Congregational Focus

0
Share:

Dan Aleshire, executive director of the Association of Theological Schools in the U. S. and Canada, went back to his home town in Ohio to chronicle the ways in which the churches of the community had changed since his family moved there fifty years before. One church was Concord United Methodist Church located in open country when Dan was growing up there. Now the farms that once surrounded the church are replaced by sub-divisions and strip malls. The Concord church building still stands as it did with its stained glass windows and steeple but now as the Concord Chapel Pet Hospital. Aleshire notes that there are thriving United Methodist churches in the area, but “this picture postcard of a church must have been slow stepping when the dance called for quick-quick.”

Churches begin decline when they lose the power of focused vision and come to see “doing ministry” as performing all the countless tasks needed to maintain the church.

What happened? In all likelihood, that picture postcard of a church lost its focus. As with all organizations, local churches face the challenge of focus. In the early years of a new congregation, attention is narrowly focused on connecting with people in the community, providing inspired worship services, and building relationships that hold people together. As time goes by and the church develops with a host of administrative, pastoral, program, and physical needs, attention becomes more broadly dispersed. Churches begin decline when they lose the power of focused vision and come to see “doing ministry” as performing all the countless tasks needed to maintain the church.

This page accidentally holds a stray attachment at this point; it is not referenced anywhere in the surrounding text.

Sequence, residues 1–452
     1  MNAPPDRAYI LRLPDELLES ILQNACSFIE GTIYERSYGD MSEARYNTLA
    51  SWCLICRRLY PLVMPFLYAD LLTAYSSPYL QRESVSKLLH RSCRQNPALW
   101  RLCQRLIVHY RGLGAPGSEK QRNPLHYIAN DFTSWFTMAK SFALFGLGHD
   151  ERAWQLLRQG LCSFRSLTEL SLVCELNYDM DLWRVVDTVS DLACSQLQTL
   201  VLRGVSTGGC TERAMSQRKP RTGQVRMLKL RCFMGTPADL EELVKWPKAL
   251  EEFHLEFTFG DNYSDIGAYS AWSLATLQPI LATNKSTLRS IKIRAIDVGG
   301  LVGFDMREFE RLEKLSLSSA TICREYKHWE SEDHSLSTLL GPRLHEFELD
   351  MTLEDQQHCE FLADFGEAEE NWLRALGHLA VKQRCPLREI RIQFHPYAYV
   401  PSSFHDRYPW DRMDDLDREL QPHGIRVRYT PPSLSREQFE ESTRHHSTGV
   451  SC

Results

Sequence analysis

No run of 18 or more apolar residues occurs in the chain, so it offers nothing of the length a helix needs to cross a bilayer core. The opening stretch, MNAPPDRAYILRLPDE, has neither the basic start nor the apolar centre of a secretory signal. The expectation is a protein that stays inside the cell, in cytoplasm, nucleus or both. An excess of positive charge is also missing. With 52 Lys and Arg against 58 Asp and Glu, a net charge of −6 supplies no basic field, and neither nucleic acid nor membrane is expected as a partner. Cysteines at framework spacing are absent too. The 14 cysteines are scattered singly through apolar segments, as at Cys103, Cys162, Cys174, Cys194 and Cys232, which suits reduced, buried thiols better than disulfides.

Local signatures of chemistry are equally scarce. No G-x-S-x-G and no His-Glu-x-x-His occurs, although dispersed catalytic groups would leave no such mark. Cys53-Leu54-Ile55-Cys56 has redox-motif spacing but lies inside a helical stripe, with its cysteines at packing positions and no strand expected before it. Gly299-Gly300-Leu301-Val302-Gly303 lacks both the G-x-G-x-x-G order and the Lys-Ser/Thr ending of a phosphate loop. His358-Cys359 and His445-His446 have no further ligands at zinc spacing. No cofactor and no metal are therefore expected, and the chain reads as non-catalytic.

At every chapter in a congregation’s life, it must clarify the few things most important for it to take the next faithful step. The other tasks will still be done, but now everything must be viewed through the lens of the vision — that is, the form that the mission takes in this particular chapter, given the church’s context. Without such deliberate reconsideration that takes account of both the church’s identity and its changing environment, decline is inevitable.

Thriving congregations are able in each chapter of their lives to focus on those few essential things required for continued vitality.

Share.

About Author

Dr. Lovett H. Weems, Jr.

Lovett H. Weems Jr. is senior consultant at the Lewis Center for Church Leadership, distinguished professor of church leadership emeritus at Wesley Theological Seminary, and author of several books on leadership.


Generosity, Stewardship, and Abundance book coverGenerosity, Stewardship, and Abundance 

Lovett H. Weems Jr. and Ann A. Michel present the Bible’s redeeming and transforming message of generosity, stewardship, and abundance in this comprehensive guide to Christian financial responsibility. Generosity, Stewardship, and Abundance: A Transformational Guide to Church Finance provides practical advice to pastors and church leaders tasked with funding ministry and inspiring others toward responsible stewardship and greater generosity. Learn more now. God’s earth.

Learn more and order now.